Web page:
by Carolyn Henson
From L5 News, March 1980
Moon treaty backers and foes are drawing the battle lines. Within the US Department of State, for example, treaty opponents arguing that “The US has nothing to gain from signing the Moon treaty” [ref. 1] have initiated an interagency review of the lunar agreement. NASA, the Department of Defense, Interior, State and possibly Justice, Treasury and Commerce will participate in this policy debate. They have targeted May 30 to make their decision on whether or not to ask Carter to repudiate the treaty.
In the January issue of Astronautics and Aeronautics, American Institute of Aeronautics and Astronautics (AIAA) Legal Task Force member Delbert D. Smith responded to charges by treaty opponents. According to Smith, the treaty’s “common heritage” clause would not necessarily impose a UN veto power over space activities and the “equitable sharing” clause should not be construed as requiring mandatory space technology transfer to other nations. In order to assure that the treaty would be interpreted favorably to private industry, Smith proposes that the US Senate express reservations to the Moon treaty [ref. 2].
However, a staffer on the Senate Commerce Committee has warned L-5 Moon Treaty Committee members that the International Court of Law at The Hague does not recognize unilateral reservations or even interpretations of a treaty made during negotiations. “If there’s a question of meaning,” he pointed out, “they look to how that language has been used in other international agreements.”
Rep. John Breaux (D-LA) is worried by exactly this point, warning that “common heritage has already been used to impose a seabed mining moratorium,” [ref. 3] using the 1970 UN Resolution on the Deep Seabeds.
But AIAA Administrator of Public Policy Jerry Grey, at the Annual Meeting of the American Association for the Advancement of Science January 5, speculated that refusal to sign the Moon treaty would seriously prejudice “US ability to conclude the cooperative agreements which are essential to US participation in potentially lucrative global markets.”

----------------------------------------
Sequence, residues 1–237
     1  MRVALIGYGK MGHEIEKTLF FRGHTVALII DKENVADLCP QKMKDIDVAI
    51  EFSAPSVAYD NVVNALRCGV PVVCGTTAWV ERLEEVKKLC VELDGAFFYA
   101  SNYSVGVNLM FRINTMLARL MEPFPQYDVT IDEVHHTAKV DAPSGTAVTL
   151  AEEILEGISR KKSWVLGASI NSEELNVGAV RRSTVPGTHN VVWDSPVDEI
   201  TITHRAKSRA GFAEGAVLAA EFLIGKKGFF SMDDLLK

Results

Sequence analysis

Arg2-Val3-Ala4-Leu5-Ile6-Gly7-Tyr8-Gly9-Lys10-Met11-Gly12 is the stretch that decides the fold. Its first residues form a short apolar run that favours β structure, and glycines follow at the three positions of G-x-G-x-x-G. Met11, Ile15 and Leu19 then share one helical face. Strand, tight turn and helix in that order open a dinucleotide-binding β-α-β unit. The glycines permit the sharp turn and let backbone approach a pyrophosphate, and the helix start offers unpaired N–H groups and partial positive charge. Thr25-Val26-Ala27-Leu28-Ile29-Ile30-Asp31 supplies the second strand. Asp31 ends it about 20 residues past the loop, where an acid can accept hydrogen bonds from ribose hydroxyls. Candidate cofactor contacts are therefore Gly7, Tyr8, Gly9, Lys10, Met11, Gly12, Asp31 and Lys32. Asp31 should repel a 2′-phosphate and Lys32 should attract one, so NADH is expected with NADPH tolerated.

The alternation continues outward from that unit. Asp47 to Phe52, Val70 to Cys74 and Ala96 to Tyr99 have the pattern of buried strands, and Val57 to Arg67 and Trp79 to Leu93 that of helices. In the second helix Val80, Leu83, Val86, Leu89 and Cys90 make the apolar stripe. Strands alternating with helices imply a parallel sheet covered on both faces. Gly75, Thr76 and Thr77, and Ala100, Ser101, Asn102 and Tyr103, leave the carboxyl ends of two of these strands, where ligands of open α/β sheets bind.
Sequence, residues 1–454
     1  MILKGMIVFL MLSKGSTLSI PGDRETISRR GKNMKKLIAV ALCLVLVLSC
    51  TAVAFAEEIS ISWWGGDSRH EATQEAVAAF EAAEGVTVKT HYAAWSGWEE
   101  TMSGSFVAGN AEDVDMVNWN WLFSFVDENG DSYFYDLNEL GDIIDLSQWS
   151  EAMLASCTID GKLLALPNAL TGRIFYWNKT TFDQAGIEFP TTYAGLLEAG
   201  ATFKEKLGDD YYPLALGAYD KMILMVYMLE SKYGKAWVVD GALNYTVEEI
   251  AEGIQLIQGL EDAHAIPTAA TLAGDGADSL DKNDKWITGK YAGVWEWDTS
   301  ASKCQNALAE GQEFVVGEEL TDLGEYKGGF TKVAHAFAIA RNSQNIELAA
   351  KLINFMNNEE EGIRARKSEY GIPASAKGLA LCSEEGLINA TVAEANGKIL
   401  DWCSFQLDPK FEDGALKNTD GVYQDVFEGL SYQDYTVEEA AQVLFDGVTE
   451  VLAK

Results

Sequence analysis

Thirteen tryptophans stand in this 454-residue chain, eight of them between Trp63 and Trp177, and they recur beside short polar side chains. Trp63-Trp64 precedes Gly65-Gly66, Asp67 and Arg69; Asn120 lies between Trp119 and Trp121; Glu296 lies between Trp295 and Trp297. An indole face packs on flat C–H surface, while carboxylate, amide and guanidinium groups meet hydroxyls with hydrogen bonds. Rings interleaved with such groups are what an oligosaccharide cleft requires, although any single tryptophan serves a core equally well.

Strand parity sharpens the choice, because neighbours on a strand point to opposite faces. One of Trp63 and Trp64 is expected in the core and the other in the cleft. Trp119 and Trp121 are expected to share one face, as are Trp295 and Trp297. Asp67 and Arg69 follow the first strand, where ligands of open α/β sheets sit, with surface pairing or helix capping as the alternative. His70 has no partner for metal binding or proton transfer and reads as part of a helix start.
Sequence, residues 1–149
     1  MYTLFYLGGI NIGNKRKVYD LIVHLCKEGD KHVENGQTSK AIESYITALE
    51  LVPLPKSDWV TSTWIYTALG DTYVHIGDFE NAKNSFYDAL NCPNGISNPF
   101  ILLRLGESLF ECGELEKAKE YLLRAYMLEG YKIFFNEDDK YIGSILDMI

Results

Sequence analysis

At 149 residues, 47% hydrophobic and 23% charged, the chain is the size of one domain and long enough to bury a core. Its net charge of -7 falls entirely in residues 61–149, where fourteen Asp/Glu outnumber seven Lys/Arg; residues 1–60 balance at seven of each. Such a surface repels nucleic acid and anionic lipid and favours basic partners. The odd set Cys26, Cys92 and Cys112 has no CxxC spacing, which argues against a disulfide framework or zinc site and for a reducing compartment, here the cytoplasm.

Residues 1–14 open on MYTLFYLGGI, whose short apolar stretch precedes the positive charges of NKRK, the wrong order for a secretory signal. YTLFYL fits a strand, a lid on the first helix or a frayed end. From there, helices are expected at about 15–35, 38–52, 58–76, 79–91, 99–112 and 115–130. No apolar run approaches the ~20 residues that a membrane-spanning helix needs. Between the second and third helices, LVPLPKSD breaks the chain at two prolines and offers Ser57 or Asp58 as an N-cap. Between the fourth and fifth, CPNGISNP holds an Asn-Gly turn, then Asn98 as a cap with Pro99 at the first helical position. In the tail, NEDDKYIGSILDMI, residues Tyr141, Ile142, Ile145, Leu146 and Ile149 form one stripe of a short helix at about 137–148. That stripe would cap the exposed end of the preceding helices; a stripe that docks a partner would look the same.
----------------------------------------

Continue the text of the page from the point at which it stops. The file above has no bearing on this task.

Grey’s position, like that of many other treaty supporters, appears to be that the US has no choice but to accept the treaty, fearing that otherwise the nation would be branded as uncooperative. However, other nations have developed cold feet on the lunar pact. The treaty, passed by the UN General Assembly Dec. 5, has only been signed by Chile (Jan. 3) and France (Jan. 29). Venezuela has informally indicated it will not sign unless the US does so first.
Meanwhile, Congressional opposition to the Treaty continues to grow. January 11 Senator Howard Cannon (D-NV), Chairman of the Commerce, Science and Transportation Committee, announced three studies on the Moon treaty. These studies, being conducted by the Congressional Research Service, the Office of Technology Assessment and a former Moon treaty negotiator, Eileen Galloway, will prepare Cannon’s committee for the hearings he will hold if President Carter appears likely to sign. Meanwhile, five members of the Senate Foreign Relations Committee, Chairman Frank Church (D-ID), Jacob Javits (R-NY), Dick Stone (D-FL), S.I. Hayakawa (R-CA) and Richard Lugar (R-IN) have expressed serious reservations regarding the acceptability of the treaty in the Senate.
Over in the House, James Santini, Chairman of the Mines and Mining Committee, has joined long-time Moon treaty opponent John Breaux, who chairs the subcommittee on Fisheries, Wildlife Conservation and the Environment, saying, in Jan. 17 letter to the L-5 Washington representative Leigh Ratiner, “I applaud your efforts to protect the interests of the United States and make sure that the ‘common heritage’ clause in the treaty will not be used against U.S. commercial interests in the future.”
To date, no member of Congress has come out in support of the lunar agreement.
1. Dept. of State Action Memorandum, “Why the U.S. Should Not Sign the Moon Treaty” (unclassified), p. 4.
2. Smith, Delbert I). “The Moon Treaty and Private Enterprise,” Astronautics and Aeronautics, January 1980, p. 65.
3. Statement of Hon. John Breaux before the Subcommittee on Space Science and Application, Sept. 6,1979.